On the Job Training Tips: Asking Questions

One of the responsibilities those in a supervisory position have is to pass their knowledge and experience on to their team members in order to develop them.

Many supervisors are not very good at doing this. They fall into the trap of telling people how to do something. But as any good developer of people knows - telling is not training!

Training people on the job can be a very effective method of transferring skills from the supervisor to a team member, but in order to do this well, supervisors need to know how to effectively train people. One of the most important skills for effective on the job training is the ability to ask questions rather than simply telling people.

The questions the supervisor asks will have the effect of turning a tedious “lecture” on how to do something into an enjoyable and interactive training session for their team members. Questions are, therefore, the most important way for a supervisor to convey vital knowledge to your team.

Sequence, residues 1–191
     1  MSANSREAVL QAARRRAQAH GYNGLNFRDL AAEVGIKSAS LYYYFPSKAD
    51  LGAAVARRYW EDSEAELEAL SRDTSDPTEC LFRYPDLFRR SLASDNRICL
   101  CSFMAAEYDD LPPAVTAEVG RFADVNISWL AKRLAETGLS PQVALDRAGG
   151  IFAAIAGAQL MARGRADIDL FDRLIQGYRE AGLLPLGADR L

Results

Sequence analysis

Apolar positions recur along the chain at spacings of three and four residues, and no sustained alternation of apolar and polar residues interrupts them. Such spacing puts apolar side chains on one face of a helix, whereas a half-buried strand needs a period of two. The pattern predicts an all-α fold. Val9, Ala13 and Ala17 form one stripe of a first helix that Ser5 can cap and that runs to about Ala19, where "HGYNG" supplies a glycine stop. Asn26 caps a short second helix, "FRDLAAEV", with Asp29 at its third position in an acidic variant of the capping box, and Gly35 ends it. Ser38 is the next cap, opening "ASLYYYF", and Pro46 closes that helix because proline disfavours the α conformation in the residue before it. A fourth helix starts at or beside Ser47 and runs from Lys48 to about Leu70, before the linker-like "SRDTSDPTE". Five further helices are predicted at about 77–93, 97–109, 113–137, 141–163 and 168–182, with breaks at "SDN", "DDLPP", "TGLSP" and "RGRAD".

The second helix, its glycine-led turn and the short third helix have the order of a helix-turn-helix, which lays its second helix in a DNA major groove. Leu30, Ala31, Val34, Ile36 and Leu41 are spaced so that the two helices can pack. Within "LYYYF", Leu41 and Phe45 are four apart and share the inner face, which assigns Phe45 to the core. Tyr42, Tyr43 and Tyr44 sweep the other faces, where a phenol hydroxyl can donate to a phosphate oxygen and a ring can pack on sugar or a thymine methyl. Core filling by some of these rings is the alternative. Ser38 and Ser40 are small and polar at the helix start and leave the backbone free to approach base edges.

There are six key benefits of asking questions rather than simply lecturing to your team:

1. Questions focus the learner’s attention.
2. Questions invite the learner to think.
3. Questions increase the rate of learning.
4. Questions create a sense of partnership.
5. Questions enhance the learner’s self-confidence.
6. Questions make the learning progress more visible.

What Types of Questions Should You Ask?

There is an important and well-known difference between so called open and closed questions.

A closed question requires a short, practically monosyllabic answer from the other person: “Yes”, “No”, “Thursday” (when?), “Mr. Walter” (who?), “In London” (where?).

Open questions usually begin with the words why, how or what - and so require longer more involved answers to be supplied by the learner.

It is easy to see that the above reasons for asking questions when training your team members only apply if you ask them open questions. Closed questions have a tendency to create an undesirable learning environment and put off a critical percentage of adult learners as they make the training less interactive and more like a test.

Remember, however, that if you are still developing your own training skills asking a closed question is better than just talking and asking no questions at all!